alexa Macrophage migration inhibitory factor mediates late cardiac dysfunction after burn injury.

Author(s): Willis MS, Carlson DL, Dimaio JM, White MD, White DJ,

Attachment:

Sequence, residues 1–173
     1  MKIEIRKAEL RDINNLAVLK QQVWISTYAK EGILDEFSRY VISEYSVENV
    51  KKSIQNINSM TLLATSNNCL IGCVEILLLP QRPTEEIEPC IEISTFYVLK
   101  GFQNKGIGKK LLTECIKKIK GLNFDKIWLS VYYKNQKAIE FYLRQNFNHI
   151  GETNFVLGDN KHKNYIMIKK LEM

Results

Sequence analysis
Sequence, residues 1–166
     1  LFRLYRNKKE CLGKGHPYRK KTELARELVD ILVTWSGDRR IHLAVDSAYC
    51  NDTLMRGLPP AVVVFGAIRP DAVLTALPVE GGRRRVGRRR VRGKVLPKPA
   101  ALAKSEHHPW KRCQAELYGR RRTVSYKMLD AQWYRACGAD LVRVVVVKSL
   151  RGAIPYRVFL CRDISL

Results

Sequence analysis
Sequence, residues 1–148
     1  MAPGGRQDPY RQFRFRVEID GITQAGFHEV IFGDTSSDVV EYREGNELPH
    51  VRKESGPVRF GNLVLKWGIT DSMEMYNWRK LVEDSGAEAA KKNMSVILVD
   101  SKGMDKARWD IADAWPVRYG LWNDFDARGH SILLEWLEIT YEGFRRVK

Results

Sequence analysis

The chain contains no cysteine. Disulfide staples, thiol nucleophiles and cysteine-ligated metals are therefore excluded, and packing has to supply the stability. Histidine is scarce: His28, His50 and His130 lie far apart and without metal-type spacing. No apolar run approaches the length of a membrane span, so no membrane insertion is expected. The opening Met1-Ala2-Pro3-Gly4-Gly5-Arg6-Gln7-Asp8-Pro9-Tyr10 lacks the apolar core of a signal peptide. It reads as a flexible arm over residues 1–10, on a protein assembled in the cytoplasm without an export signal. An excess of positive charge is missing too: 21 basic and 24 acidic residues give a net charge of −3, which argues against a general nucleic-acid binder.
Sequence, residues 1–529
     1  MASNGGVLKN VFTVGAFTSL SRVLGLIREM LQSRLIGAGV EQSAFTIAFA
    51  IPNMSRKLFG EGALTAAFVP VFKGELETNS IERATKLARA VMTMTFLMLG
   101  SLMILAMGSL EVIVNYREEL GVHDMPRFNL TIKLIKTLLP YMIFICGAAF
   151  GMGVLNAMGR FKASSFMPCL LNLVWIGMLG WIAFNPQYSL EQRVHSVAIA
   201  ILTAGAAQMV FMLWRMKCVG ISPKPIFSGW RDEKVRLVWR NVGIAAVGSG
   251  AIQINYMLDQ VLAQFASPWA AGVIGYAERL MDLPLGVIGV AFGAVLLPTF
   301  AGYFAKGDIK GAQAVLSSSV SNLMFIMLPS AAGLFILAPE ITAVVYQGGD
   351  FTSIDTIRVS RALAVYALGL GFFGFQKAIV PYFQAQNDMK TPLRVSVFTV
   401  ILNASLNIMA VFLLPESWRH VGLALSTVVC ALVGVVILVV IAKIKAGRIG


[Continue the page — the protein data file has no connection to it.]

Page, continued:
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Abstract We have recently demonstrated that macrophage migration inhibitory factor (MIF) is a myocardial depressant protein and that MIF mediates late, prolonged cardiac dysfunction after endotoxin challenge in mice. Because many factors, including endotoxin, have been implicated in the pathogenesis of cardiac dysfunction after burn injury, we tested the hypothesis that MIF might also be the mediator of prolonged cardiac dysfunction in this model. At 4 h after 40\% total body surface area burn in anesthetized mice, serum MIF levels increased significantly compared with baseline (2.2-fold). This increase was accompanied by a significant decrease in cardiac tissue MIF levels (2.1-fold decrease compared with controls). This pattern was consistent with MIF release from preformed cytoplasmic stores in the heart and other organs. To determine whether MIF mediates cardiac dysfunction after burn injury, mice were pretreated with anti-MIF neutralizing monoclonal antibodies or isotype control antibodies. Beginning 4 h after burn injury (and continuing through 48 h), burned mice demonstrated a significantly depressed left ventricular shortening fraction of 38.6 +/- 1.8\%, compared with the normal controls (56.0 +/- 2.6\%). Mice treated with anti-MIF displayed an initial depression of cardiac function similar to nontreated animals but then showed rapid restoration of cardiac function with complete recovery by 24 h, which persisted for the duration of the protocol. This study is the first to demonstrate that MIF mediates late, prolonged cardiac dysfunction after burn injury and suggests that MIF blockade should be considered a therapeutic target for the treatment of burn injury. This article was published in Am J Physiol Heart Circ Physiol and referenced in

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